Women make up 79 percent of the health care workforce, but there are striking disparities at the management level. Women hold only 26 percent of hospital CEO positions and 21 percent of executive positions at Fortune 500 health care companies, according to data from Modern Healthcare.
These stats are sobering, but, to me, they’re not surprising. It’s all too common for me to be the only woman or one of a handful of women at board meetings or health care leadership summits.
I’ve been reflecting on my life’s surprising trajectory from a small Florida panhandle town to the presidency of Johns Hopkins Medicine International. I’m my mother’s daughter, so I’ve also been sharing advice that I hope will inspire more women leaders, whether in health care or other fields.
Here are some additional thoughts:
• Amplify ideas. Have you ever expressed an idea in a meeting, only to have it ignored? Then a man receives praise when he says the same thing later? A few months ago, social media blew up with a term to describe this situation: “hepeating.” The word would be funny if it weren’t so sad that we needed to invent it. Fortunately, women have come up with a solution. They team up and make their voices heard using “amplification,” reaffirming a female coworker’s key points or ideas and giving her the credit she’s due. Better yet, let’s stop devaluing our contributions and take credit for our own good ideas.
• Make connections. Most of us will spend a large proportion of our lives at work. It helps to have someone who’ll give you a reality check and honest feedback. It is also nice to have someone to talk to about things other than work occasionally during the day. Having a friend at work doesn’t just make 8-5 more enjoyable, it actually increases your productivity, creativity, stress management and engagement.
• Read. Leaders must be readers. Whether it’s a novel or nonfiction, poetry or blogs, reading stirs our insight, innovation, empathy and effectiveness. Reading the writing of experts within—and outside of—our industry can give us insights to improve our own organizations. I tend to read books, and there are so many thought-provoking ones out there: The 7 Habits of Highly Effective People by Stephen R. Covey, Drive by David Pink, anything by Malcolm Gladwell. Find what sparks your enthusiasm. I read recently that Fortune 500 CEOs read 60 books a year. I find that incredible. I try to read two books a month, and that feels like a lot.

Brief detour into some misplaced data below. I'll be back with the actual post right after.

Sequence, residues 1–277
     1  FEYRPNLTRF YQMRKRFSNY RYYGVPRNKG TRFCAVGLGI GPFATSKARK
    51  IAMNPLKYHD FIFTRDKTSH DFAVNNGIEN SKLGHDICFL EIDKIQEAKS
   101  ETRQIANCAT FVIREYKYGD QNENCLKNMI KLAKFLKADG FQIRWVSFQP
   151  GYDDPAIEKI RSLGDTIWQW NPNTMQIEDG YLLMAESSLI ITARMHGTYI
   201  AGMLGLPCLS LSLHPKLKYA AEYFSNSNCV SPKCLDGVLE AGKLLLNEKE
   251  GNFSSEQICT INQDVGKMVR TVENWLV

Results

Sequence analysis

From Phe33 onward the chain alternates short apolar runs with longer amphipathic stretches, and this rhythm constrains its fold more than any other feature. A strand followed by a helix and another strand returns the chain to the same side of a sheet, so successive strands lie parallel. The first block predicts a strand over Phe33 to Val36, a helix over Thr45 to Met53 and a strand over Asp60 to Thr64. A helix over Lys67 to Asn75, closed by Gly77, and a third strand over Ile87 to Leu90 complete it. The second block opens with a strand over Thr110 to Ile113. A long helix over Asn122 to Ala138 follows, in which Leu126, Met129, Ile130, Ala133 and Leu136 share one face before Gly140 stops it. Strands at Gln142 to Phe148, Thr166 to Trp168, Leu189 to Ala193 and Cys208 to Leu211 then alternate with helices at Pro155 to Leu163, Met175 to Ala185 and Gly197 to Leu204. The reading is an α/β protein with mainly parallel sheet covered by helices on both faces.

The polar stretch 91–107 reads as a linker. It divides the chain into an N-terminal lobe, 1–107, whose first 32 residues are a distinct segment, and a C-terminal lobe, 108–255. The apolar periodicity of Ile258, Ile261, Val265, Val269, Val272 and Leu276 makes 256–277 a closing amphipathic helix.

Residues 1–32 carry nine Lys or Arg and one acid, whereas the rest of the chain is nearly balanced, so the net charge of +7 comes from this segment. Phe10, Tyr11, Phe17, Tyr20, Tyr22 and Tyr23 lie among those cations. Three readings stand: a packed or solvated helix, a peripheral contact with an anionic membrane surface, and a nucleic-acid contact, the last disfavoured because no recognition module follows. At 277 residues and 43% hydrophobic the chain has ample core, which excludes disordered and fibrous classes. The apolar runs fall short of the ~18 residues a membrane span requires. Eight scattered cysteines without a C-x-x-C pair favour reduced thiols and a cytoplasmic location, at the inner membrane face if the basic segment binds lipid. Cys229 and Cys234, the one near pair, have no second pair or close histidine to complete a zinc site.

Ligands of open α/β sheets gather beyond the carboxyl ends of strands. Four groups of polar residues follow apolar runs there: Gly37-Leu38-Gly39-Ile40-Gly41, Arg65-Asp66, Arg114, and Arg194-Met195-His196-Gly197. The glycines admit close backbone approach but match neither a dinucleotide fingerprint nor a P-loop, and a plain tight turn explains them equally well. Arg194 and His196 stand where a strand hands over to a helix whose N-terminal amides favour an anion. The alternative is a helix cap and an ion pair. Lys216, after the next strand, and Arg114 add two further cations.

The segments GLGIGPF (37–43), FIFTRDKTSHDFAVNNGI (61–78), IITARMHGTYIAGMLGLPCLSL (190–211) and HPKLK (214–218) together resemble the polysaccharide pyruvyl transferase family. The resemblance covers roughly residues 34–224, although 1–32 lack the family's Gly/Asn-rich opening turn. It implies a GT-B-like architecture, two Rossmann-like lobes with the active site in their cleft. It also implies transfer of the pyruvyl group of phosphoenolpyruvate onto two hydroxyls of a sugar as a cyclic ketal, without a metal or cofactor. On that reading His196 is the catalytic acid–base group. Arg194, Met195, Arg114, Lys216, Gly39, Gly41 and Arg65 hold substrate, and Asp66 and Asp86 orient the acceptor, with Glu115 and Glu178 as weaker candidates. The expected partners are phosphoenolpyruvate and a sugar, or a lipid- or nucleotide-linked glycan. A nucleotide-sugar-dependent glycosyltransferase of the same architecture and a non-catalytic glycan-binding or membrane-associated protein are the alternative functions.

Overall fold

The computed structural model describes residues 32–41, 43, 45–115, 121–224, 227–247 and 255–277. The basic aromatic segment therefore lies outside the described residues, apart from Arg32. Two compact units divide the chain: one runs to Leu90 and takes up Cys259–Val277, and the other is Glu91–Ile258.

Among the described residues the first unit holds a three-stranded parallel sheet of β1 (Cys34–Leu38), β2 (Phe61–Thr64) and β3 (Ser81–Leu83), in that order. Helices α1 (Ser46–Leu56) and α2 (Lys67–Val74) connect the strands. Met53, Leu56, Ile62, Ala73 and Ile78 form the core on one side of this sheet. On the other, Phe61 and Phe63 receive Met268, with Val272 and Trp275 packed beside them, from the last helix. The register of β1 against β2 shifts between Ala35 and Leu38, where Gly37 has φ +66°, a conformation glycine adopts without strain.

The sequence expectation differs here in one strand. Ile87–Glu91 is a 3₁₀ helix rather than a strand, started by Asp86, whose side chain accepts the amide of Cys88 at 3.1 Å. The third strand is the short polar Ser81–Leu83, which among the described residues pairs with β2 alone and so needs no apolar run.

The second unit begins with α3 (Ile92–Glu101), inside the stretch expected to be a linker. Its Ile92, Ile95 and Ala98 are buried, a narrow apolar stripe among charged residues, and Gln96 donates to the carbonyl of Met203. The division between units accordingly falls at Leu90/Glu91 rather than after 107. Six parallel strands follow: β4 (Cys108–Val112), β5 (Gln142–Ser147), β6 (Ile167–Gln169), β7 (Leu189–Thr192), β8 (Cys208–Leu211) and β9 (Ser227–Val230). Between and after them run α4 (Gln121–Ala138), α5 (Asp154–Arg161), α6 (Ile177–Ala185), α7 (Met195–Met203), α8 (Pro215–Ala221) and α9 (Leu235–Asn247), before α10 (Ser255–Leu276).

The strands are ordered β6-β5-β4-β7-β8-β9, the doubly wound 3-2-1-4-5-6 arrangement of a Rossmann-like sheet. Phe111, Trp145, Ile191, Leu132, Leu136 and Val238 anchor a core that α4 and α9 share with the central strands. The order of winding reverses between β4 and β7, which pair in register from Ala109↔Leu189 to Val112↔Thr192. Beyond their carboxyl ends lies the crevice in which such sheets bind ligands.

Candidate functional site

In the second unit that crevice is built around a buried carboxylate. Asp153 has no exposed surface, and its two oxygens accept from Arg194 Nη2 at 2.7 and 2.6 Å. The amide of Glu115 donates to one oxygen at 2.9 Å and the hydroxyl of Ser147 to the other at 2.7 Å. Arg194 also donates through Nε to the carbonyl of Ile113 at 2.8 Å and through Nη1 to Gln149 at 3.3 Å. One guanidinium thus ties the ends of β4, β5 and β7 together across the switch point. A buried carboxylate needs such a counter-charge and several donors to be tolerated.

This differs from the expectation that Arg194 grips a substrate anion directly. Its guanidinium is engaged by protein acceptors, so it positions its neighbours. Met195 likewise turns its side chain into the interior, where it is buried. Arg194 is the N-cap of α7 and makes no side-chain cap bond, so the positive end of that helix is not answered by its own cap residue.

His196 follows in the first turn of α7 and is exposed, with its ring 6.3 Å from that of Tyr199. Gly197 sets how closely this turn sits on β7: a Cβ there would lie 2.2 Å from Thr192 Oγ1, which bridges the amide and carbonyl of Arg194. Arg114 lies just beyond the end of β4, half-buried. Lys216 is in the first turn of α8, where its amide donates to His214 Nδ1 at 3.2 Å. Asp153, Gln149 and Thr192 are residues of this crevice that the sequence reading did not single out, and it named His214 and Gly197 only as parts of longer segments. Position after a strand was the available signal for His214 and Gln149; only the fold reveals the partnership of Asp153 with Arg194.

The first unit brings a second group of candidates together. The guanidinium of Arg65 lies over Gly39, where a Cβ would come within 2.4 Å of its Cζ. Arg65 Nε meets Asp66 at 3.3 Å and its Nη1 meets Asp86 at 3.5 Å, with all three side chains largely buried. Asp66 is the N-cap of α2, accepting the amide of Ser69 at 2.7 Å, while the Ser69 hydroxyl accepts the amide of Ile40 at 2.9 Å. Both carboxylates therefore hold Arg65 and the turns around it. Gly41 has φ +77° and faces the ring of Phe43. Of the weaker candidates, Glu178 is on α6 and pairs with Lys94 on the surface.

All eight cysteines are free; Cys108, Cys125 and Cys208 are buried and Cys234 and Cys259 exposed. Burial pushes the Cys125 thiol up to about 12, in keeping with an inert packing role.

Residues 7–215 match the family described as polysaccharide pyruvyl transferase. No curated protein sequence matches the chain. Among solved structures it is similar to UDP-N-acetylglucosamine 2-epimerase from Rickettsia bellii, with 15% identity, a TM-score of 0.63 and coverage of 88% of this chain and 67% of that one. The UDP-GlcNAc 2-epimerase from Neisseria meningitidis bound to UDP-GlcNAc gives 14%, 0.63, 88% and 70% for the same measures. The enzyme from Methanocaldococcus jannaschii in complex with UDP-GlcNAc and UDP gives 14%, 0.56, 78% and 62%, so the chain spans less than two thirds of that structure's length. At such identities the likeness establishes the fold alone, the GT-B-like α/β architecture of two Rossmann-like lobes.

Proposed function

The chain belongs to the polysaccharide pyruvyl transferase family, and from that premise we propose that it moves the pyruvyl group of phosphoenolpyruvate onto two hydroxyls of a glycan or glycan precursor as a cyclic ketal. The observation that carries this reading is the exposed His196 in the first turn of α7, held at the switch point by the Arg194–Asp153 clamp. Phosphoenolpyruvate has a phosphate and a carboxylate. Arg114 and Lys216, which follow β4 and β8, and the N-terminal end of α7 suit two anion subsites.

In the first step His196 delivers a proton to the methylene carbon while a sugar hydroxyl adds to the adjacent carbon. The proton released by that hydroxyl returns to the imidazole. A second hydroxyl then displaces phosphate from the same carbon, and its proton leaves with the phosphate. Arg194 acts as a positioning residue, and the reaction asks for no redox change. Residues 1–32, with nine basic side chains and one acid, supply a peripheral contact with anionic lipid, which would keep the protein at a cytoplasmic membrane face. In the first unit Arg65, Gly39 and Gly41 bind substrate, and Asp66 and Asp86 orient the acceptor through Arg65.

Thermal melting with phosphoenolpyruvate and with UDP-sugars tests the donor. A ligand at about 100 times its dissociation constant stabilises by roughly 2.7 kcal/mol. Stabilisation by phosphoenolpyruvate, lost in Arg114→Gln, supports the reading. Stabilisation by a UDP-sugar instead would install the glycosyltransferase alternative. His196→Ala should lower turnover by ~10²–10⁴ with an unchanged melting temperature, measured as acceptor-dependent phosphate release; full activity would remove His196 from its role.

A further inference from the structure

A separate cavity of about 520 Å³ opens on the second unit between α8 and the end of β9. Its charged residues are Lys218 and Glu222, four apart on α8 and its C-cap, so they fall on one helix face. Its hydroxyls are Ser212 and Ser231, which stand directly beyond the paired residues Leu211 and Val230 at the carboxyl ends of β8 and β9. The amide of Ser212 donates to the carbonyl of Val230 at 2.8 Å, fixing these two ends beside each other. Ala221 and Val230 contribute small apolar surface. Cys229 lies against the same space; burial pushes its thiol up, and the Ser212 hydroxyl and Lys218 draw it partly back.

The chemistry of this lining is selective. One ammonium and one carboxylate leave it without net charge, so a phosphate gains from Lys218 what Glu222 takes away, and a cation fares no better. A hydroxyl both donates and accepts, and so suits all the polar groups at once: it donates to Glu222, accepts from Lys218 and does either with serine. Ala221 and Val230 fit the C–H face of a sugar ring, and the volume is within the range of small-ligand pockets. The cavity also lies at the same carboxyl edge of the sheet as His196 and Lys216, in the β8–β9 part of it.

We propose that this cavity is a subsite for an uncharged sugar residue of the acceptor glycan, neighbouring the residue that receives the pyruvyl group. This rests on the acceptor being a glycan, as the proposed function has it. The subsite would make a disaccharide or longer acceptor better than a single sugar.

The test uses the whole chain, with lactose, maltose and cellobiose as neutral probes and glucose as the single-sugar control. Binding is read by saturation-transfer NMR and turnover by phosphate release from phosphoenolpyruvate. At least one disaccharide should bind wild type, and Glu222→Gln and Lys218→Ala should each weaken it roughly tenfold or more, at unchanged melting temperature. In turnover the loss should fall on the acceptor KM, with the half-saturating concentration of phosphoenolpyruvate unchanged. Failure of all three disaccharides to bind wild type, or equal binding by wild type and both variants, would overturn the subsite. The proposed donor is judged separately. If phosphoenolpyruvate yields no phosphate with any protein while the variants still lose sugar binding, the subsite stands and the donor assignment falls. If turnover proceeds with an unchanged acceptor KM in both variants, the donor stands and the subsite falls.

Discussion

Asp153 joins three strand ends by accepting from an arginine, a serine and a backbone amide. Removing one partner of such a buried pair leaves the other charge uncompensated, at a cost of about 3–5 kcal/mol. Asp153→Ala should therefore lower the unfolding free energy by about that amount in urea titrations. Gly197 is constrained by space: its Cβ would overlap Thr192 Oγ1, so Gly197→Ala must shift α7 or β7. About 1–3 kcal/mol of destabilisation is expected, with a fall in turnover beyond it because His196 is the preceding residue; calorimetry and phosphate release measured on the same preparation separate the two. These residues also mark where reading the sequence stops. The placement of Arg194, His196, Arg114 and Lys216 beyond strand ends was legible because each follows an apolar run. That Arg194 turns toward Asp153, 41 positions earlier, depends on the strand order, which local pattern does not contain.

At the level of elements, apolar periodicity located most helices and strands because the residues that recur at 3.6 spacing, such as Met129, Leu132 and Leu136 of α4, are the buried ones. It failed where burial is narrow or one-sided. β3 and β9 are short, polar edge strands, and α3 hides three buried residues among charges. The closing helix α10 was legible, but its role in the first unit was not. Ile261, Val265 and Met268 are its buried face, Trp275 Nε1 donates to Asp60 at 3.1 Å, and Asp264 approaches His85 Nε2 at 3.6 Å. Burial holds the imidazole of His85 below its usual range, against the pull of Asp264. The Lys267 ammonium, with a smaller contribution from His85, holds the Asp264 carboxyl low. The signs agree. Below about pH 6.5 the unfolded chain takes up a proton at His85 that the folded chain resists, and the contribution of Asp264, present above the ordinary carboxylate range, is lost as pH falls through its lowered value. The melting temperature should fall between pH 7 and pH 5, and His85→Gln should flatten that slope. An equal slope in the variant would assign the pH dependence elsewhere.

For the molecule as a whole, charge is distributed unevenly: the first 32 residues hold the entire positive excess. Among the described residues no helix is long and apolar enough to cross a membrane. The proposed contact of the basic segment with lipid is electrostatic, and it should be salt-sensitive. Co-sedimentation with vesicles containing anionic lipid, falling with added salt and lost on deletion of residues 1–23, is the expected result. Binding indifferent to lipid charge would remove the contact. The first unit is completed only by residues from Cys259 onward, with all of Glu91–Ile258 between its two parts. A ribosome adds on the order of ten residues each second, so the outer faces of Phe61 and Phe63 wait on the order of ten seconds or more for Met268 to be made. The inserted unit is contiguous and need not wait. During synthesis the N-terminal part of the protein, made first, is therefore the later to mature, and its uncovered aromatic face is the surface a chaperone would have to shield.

• Reflect. What kind of leader do you want to be? What are your strengths and weaknesses, your values and behaviors? Reflection gives our brains the chance to hit the pause button to make observations, interpret experiences, consider different perspectives, and recognize lessons that can inform our future actions. You may also want to watch other executives and keep a journal of what you like—or not—about their approach to leadership. Journaling helps me to focus my thoughts and makes me more aware of my values as a leader.
• Find inspiration. Over the past year or so, millions of women around the world have marched for the ideals they believe in—I was one of them. Women are running for office in record numbers, from the U.S. Senate and state legislatures to local school boards. Other women are naming names and demanding consequences for sexual harassment and assault. We also have great examples now of women standing up for wage inequity. Before the recent Olympics, the U.S. women’s hockey team threatened a sit-out if they weren’t given the same equipment, salaries, staff and publicity as the men’s team. They won that dispute, AND they went on to win Olympic gold. We still have a long way to go in the fight for equal rights, but there are a lot of bright spots we can look to for hope.
• Seek allies. Last, let me emphasize that this battle is for women’s rights, but it isn’t just for women to fight. We want like-minded men to partner with us. This is not a zero-sum game. We will all win with more equality.